US sanctions against Iran could give oil a boost to $100 amid dramatic shortfall in supplies
The incoming US sanctions against the Iranian oil sector could result in a jump in oil prices to $100 a barrel from the current $82. With Iranian exports falling, the market is not ready to offset the shortfall in supplies.
The US restrictions targeting Iran come into force on November 4. Oil prices have grown to $82 per barrel as investors are waiting for them. The sanctions come at a time when US President Donald Trump is insisting that OPEC increase oil production to substitute Iranian exports, something that the organization, as well as Russia and other producers, have refused to do.
“The unwillingness of the 25 producing nations to declare their intention to ramp up production in their effort to replace Iranian barrels all of the sudden produced a very tight supply and demand balance for the fourth quarter of this year,” Tamas Varga, senior analyst at PVM Oil Associates, said in a research note quoted by CNBC.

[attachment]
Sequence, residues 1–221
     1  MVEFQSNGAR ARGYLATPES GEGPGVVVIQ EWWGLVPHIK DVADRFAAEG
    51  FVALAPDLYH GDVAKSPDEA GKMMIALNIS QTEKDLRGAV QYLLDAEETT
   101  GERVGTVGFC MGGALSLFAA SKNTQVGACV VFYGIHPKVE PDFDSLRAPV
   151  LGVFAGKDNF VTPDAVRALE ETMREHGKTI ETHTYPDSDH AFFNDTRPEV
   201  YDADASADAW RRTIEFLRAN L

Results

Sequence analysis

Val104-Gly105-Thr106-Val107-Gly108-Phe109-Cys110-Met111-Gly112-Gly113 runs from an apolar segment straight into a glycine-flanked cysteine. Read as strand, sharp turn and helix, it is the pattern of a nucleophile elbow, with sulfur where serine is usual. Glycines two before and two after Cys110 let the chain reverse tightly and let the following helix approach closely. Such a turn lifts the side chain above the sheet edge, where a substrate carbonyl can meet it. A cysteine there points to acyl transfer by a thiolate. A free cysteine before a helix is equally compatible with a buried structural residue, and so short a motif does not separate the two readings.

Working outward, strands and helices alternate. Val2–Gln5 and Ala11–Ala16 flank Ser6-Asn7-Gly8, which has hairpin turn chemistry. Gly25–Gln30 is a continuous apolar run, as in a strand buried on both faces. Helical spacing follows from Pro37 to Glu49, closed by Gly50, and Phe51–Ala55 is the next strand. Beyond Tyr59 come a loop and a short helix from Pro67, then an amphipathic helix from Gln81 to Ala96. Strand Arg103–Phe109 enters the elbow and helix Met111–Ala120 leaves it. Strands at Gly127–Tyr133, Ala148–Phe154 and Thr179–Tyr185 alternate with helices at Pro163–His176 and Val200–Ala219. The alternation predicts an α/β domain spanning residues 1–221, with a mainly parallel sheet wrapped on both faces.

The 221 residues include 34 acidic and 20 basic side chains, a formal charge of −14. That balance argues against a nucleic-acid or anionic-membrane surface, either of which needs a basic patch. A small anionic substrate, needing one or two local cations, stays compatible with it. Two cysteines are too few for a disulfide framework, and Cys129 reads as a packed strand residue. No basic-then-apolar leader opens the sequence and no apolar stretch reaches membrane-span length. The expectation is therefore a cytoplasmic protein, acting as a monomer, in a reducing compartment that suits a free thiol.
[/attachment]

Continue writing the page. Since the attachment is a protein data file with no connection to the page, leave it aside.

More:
“As a result, the talk is now (of) Brent reaching $100 a barrel this year,” he added.
Estimates of how much Iranian crude could vanish from the market once US sanctions come into force vary widely. The predictions are between 500,000 barrels per day (bpd) to 2 million bpd. In May, Iran was exporting 2.7 million bpd – around three percent of global consumption.
The US is rapidly increasing its production. Last week, it hit a record 11.1 million bpd in the week ending, according to data from the Energy Information Administration (EIA). That is an increase of almost a third since 2016.
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